5. Interesting post Zach. As we see, every kind of content and respective media companies are evaluating their business model with the digitalization of this industry. I agree that they need to focus on their core strength of sports media however I struggle to see how in the long run, when the media can so easily be connected to end user with digitalization, these companies will be able to capture in any value in this chain. This will become even more difficult for media channels like ESPN that don’t have their own content as primary attraction of revenue stream. I wonder if they risk being eliminated by the content owners in the long run. What do you think?

  6. Great post Zach. I agree with your assessment that ESPN has not yet acknowledged the fact that it needs to pivot to a digital age. The ESPN brand was carried by cable-driven revenues, which, as you mentioned, are dwindling. ESPN needs to find alternate ways to generate revenue. I also agree with your second recommendation that ESPN partner with more leagues. My post was on the NFL’s use of digitization and I think ESPN could really benefit from a partnership with the NFL in this regard. ESPN can pivot towards interactive viewing through the utilization of the NFL’s Internet of Things strategy it is beginning to implement with things like RFID pads, electronic mouthpieces, and more. ESPN needs to capitalize on the millennial demands of interactive viewing, short attention spans, and hyper-connected social networks. While I think ESPN does need to do something bold to digitize, I do sympathize with their challenging predicament. I know I will continue to use! Thanks for the great insights!

  7. Love this- thank you, Zach. As a long-time consumer of ESPN (as I’m sure many in our section are) I can say that I’ve definitely purchased more in cable than I would otherwise just to have ESPN on my channel line-up. Do you feel that ESPN’s TV presence will eventually be completely a thing of the past, or will they be able to at least flat line their subscribers to protect some part of that business? As a suggestion, perhaps they could renegotiate their fee structure with television providers? Do you think that they could make up in volume what they lost in revenues from substitution?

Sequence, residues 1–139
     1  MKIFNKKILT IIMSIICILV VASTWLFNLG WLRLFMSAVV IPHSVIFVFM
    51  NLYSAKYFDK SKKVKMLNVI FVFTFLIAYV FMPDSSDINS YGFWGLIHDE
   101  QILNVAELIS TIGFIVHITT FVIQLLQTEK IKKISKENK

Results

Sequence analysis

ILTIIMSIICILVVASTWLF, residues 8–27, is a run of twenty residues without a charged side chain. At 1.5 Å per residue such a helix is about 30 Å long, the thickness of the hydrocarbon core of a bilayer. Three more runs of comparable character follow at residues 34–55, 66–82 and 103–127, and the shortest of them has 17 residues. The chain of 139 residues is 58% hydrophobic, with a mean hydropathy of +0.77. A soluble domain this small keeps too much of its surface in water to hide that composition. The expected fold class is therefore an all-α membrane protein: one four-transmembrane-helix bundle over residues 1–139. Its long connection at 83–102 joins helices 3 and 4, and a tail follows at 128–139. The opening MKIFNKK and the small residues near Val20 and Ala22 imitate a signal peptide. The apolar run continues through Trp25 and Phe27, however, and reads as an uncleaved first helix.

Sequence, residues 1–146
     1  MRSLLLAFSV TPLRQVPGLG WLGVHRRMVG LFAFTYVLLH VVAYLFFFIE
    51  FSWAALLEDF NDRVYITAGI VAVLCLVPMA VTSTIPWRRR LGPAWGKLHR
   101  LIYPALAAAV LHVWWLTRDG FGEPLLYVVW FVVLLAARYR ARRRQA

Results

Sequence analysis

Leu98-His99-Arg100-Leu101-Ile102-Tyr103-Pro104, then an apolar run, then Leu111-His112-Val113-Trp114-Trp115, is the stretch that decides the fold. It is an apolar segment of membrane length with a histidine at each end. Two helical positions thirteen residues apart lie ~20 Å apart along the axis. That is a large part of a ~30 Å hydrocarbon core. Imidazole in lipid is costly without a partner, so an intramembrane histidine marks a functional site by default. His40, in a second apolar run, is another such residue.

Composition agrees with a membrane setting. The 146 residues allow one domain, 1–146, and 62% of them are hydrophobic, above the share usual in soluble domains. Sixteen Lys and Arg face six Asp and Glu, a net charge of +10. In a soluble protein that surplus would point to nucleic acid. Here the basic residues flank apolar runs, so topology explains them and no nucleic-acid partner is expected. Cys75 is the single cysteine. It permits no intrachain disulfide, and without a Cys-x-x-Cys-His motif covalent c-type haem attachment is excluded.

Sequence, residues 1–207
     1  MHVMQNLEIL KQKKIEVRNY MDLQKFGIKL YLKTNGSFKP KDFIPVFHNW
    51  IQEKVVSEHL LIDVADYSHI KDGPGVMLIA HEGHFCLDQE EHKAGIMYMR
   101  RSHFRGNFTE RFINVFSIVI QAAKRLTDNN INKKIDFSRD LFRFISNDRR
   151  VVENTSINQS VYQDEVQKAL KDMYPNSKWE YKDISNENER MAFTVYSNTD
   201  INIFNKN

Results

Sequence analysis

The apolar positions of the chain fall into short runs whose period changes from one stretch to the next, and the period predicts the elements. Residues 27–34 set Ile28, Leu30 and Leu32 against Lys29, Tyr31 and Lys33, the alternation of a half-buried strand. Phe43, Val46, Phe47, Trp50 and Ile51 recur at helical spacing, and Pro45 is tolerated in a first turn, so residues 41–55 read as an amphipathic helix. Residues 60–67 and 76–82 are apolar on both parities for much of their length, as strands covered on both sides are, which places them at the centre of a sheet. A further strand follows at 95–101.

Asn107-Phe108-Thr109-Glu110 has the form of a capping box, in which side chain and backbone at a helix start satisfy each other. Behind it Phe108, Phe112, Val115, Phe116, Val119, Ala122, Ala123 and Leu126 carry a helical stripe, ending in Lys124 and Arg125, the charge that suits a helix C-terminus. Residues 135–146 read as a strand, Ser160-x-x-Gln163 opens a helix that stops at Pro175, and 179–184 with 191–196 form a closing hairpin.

8. Zach thanks for the thoughtful look at ESPN. It is super interesting how quickly ESPN turned from Disney’s white knight into it’s achilles heel. I am concerned about the long-term viability of ESPN given its significant fixed cost base given its massive sports rights deals and its declining revenue base as both subscribers and ratings tumble. Even the NFL is seeing ratings drops of over 20%[1]!

    I agree with both your suggestions, but want to build on the second one. I believe instead of a tentpole strategy – ESPN should pursue a “super fan” niche sports strategy in this new mobile direct to consumer world. (1) Rights for sports like Skiing, Speedskating, Gymnastics, etc. are much cheaper to acquire which will allow them to manage their cost base more effectively. (2) Leveraging their investment in BAM tech, they can build world-class direct to consumer products that are targeted toward each sports “superfans”. These “super fans” have a high willingness to pay – and will be more engaged in the content than the average fan is in the tentpole events.


  9. Great post Zach, very interesting. In line with what CJ said, do you think the people that dropped ESPN could be the ones that moved to 100% online, and watch sports through ESPN Live or similar pages?
    I really liked your recommendation to partner with more leagues and teams. Do you think that can help ESPN in their long term sustainability as they aren’t the producers of the content they show? Also a way to maintain revenues as more and more online options for watching sports appear, and are directly competing with ESPN. However, you also recommended that ESPN transform into a digital company, but you mentioned also that monetization is difficult in the mobile world. How would you suggest they transform without leaving money on the table by not being able to monetize their products?

  10. Great post Zach – I’ve been following this closely and you did a great job of touching on all the major issues.

    Specifically focusing on one of your first recommendation, I think you may have highlighted ESPN’s hubris. Shows like SportsCenter are what made ESPN, but as you said they are becoming less and less valuable. We consume media in such a variety of ways and there is so much great content out there – it is really difficult for ESPN to differentiate in sports commentary or any other non-live sports media. They need to be willing to pull the plug on anything – even if that thing is what vaulted them to greatness.